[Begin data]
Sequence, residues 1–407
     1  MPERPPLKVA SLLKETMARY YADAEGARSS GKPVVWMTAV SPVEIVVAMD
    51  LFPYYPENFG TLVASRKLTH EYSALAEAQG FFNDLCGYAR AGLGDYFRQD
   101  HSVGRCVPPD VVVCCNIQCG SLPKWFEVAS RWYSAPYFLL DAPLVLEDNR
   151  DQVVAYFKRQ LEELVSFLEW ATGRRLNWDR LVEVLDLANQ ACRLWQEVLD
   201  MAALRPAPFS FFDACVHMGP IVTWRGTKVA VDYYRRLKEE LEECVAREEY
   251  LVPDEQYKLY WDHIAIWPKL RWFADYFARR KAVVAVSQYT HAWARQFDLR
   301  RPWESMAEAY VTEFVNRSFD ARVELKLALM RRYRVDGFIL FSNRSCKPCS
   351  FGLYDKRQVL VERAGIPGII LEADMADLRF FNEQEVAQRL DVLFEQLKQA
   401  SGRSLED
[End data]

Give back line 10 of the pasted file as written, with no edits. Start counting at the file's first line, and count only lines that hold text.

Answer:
   401  SGRSLED